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Autism Res. 2019 Feb;12(2):152-175. doi: 10.1002/aur.2055. Epub 2018 Dec 21.

A systematic review and meta-regression analysis of social functioning correlates in autism and typical development.

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Lynch School of Education, Boston College, Chestnut Hill, Massachusetts.


Differences in social functioning are a hallmark feature of autism spectrum disorder (ASD), and much research has been devoted to locating cognitive and developmental explanations for this domain. To sort through this literature, we conducted a systematic review and meta-analysis that quantifies the extent to which several of these candidate constructs are associated with social functioning. We gathered 881 effect sizes calculated from 133 unique participant samples, and synthesized Pearson's r correlations between social functioning and three cognitive constructs; (a) theory of mind (ToM), (b) executive function, and (c) central coherence, and five developmental constructs: (d) initiating joint attention, (e) responding to joint attention, (f) imitation, (g) pretend play, and (h) visual fixation to social stimuli. We synthesized effect sizes using robust variance estimation for each putative correlate, for populations with ASD and typical development (TD) separately. We also conducted a series of meta-regressions to determine if sample and study features moderated effect sizes. We found that, in the ASD group, effect size estimates were significant and small (<0.30) for ToM, executive function, and initiating joint attention. Effect size estimates were significant and moderate (0.30 < r < 0.50) for imitation and response to joint attention. In the TD group, effect size estimates for ToM, executive function, and initiating joint attention were significant and small. In a meta-regression collapsed across correlates, we found that effect sizes were significantly larger in the ASD group (P < 0.05) and decreased as mental age increased (P < 0.001). Autism Res 2019, 12: 152-175 © 2018 International Society for Autism Research, Wiley Periodicals, Inc. LAY SUMMARY: In this meta-analysis, we found that correlations between social functioning and several constructs used to explain the developmental or cognitive origins of social functioning were quite low. This could mean that researchers will need to develop new theories about social functioning in ASD.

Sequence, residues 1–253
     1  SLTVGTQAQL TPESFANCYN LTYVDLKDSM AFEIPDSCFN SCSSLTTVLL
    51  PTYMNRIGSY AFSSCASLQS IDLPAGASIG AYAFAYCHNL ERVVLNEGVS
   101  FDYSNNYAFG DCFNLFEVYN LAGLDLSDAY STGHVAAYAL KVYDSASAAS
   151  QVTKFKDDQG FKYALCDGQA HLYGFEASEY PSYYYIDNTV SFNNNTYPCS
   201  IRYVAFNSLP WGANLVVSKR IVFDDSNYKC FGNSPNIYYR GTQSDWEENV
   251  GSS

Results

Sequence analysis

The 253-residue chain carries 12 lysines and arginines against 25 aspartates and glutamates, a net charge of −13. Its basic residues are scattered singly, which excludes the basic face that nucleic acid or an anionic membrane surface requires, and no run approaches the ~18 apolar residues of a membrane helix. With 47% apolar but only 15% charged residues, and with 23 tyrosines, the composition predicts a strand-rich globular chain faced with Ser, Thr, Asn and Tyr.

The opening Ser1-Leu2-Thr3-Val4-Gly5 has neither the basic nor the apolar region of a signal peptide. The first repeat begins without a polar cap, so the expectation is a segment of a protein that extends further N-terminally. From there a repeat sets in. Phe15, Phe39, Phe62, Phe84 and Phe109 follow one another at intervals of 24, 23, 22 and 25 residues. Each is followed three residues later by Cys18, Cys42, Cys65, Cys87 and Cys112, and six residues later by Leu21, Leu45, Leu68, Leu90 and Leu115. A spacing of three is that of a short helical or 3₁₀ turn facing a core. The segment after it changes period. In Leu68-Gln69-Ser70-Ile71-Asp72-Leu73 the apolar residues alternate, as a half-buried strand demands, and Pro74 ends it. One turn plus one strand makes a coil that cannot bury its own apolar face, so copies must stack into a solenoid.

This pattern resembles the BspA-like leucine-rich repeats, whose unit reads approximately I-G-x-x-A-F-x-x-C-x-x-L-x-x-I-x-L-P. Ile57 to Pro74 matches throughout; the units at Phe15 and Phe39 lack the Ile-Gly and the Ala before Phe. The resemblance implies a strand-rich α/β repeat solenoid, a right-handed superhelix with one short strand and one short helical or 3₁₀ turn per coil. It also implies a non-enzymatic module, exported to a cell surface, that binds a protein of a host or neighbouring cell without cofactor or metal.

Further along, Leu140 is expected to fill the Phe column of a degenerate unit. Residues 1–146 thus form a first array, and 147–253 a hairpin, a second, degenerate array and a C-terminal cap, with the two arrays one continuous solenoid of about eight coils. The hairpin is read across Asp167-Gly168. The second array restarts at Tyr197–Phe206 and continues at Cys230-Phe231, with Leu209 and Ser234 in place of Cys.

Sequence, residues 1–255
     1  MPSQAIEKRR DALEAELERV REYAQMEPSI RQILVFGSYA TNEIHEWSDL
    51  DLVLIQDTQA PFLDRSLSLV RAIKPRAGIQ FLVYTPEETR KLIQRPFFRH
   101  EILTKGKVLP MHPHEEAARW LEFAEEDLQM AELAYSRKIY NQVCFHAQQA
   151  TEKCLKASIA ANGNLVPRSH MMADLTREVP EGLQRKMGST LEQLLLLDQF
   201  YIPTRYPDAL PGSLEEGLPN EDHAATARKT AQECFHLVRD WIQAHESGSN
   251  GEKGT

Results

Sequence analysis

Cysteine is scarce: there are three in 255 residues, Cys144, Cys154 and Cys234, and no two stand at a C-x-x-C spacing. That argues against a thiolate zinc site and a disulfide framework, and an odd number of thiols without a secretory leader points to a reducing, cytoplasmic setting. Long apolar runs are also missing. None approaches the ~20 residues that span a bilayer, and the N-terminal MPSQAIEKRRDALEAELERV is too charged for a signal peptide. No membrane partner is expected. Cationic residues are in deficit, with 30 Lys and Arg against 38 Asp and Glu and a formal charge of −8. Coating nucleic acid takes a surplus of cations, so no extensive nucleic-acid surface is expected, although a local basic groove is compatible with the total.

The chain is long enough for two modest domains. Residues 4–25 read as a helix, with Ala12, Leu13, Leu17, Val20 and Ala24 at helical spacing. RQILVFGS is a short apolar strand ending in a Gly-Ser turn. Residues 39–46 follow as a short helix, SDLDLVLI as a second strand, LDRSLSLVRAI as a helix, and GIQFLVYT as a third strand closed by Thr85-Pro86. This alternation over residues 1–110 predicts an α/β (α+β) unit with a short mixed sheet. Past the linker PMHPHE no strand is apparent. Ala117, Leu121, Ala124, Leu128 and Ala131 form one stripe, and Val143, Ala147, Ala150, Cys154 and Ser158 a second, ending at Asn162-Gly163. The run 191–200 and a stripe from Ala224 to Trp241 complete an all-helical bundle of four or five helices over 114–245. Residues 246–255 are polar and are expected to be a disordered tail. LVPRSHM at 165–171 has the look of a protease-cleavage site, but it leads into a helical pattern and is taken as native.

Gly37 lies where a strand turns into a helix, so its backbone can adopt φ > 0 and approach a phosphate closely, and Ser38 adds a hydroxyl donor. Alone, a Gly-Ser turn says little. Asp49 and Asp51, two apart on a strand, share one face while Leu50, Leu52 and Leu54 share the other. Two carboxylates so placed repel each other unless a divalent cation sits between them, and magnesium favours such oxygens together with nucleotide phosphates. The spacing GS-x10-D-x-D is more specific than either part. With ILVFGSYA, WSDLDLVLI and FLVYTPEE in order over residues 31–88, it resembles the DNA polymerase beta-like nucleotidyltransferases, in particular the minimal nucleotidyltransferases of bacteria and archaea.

autism spectrum disorder; executive function; joint attention; meta-analysis; social functioning; theory of mind


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